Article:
# Eureka Math Precalculus Module 1 Lesson 2 Answer Key

## Engage NY Eureka Math Precalculus Module 1 Lesson 2 Answer Key

### Eureka Math Precalculus Module 1 Lesson 2 Exercise Answer Key

Exercise 1.
Let f(x) = sin(x). Does f(2x) = 2f(x) for all values of x? Is it true for any values of x? Show work to justify your answer.
No. If x = $$\frac{\pi}{2}$$, sin (2($$\frac{\pi}{2}$$)) = sin(Ï€) = 0, but 2sin($$\frac{\pi}{2}$$) = 2(1) = 2, so the statement does not hold for every value of x. It is true anytime sin(x) = 0., so for x = 0,
x = Â±Ï€, x = Â±2Ï€.

Exercise 2.
Let f(x) = log(x). Find a value for a such that (2a) = 2f(a). Is there one? Show work to justify your answer.
log(2a) = 21og(a)
log(2a) = log(a2)
2a = a2
a2 – 2a = 0
a(a – 2) = 0
Thus, a = 2 or a = 0. Because 0 is not in the domain of the logarithmic function, the only solution is a = 2.

Exercise 3.
Let f(x) = 10x. Show that f(a + b) = f(a) + f(b) is true for a = b = log(2) and that it is not true for a = b = 2.
For a = b = log(2)
f(a + b) = 1o(log(2)+log(2)) = 102log(2) = 10log(22) = 22 = 4
f(a) + f(b) = 10log2 + 10log2 = 2 + 2 = 4
Therefore, f(a + b) = f(a) + f(b).
For a = b = 2
f(a + b) = 102+2 = 104 = 10000
f(a) + f(b) = 102 + 102 = 100 + 100 = 200
Therefore, f(a + b) â‰  f(a) + f(b).

Exercise 4.
Let f(x) = $$\frac{1}{x}$$. Are there any real numbers a and b so that f(a + b) = f(a) + f(b)? Explain.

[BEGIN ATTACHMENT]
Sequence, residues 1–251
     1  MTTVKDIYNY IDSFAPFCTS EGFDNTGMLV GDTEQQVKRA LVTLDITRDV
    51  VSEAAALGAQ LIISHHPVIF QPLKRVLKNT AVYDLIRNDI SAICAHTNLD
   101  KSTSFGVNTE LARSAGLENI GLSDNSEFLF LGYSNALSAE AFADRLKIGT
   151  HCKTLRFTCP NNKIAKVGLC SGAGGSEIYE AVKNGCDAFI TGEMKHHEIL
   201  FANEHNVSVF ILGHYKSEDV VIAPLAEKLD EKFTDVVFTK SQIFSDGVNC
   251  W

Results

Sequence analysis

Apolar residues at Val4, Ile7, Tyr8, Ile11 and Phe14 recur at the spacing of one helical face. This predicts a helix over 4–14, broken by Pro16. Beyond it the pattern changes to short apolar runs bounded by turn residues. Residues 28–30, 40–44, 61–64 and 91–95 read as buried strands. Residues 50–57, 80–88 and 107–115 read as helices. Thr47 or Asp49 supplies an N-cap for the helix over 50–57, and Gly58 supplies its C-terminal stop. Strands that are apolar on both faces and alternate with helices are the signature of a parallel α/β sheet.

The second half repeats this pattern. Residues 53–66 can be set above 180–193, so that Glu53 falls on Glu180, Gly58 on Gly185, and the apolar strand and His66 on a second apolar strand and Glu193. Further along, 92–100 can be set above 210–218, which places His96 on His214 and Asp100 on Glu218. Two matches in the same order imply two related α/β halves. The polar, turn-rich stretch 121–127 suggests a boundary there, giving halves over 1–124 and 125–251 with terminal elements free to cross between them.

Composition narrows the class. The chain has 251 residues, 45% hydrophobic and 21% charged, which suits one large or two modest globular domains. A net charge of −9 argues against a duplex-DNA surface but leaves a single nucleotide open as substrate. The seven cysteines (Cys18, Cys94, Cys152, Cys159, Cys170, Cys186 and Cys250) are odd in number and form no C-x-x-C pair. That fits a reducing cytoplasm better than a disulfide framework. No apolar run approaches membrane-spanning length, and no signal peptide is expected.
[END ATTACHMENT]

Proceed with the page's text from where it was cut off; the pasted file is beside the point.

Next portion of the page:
Neither a nor b can equal zero since they are in the denominator of the rational expressions.
$$\frac{1}{a+b}$$ = $$\frac{1}{a}$$ + $$\frac{1}{b}$$
$$\frac{1}{a+b}$$ab(a + b) = $$\frac{1}{a}$$ab(a + b) + $$\frac{1}{b}$$ab(a + b)
ab = a(a + b) + b(a + b)
ab = a2 + ab + ab + b2
ab = a2 + 2ab + b2
ab = (a + b)2
This means that ab must be a positive number. Simplifying further, we get 0 = a2 + ab + b2.
The sum of three positive numbers will never equal zero, so there are no real solutions for a and b.

Exercise 5.
What do your findings from these exercises illustrate about the linearity of these functions? Explain.
Answers will vary but should address that in each case, the function is not a linear transformation because it does not hold to the conditions f(a + b) = f(a) + f(b) and f(cx) = c(f(x)) for all real-numbered inputs.

### Eureka Math Precalculus Module 1 Lesson 2 Problem Set Answer Key

Assign students some or all of the functions to investigate. Problems 1-4 are all trigonometric functions, Problem 5 is a rational function, and Problems 6 and 7 are logarithmic functions. These can be divided up. Problem 8 sets up Lesson 3 but is quite challenging.

Examine the equations given in Problems 1-4, and show that the functions f(x) = cos(x) and g(x) = tan(x) are not linear transformations by demonstrating that they do not satisfy the conditions indicated for all real numbers. Then, find values of x and/or y for which the statement holds true.

Question 1.
cos(x + y) = cos(x) + cos(y)
Answers that prove the statement false will vary but could include x = 0 and y = 0.
This statement is true when x = 1. 9455, or 111. 47Â°, and y = 1. 9455, or 111. 47Â°. This will be difficult for students to find without technology.

Question 2.
cos(2x) = 2cos(x)
Answers that prove the statement false will vary but could include x = 0 or x = $$\frac{\pi}{2}$$
This statement is true when x = 1. 9455, or 111. 47Â°. This will be difficult for students to find without technology.

Question 3.
tan(x + y) = tan(x) + tan(y)
Answers that prove the statement false will vary but could include x = $$\frac{\pi}{4}$$ and y = $$\frac{\pi}{4}$$.
This statement is true when x = 0 and y = 0.

Question 4.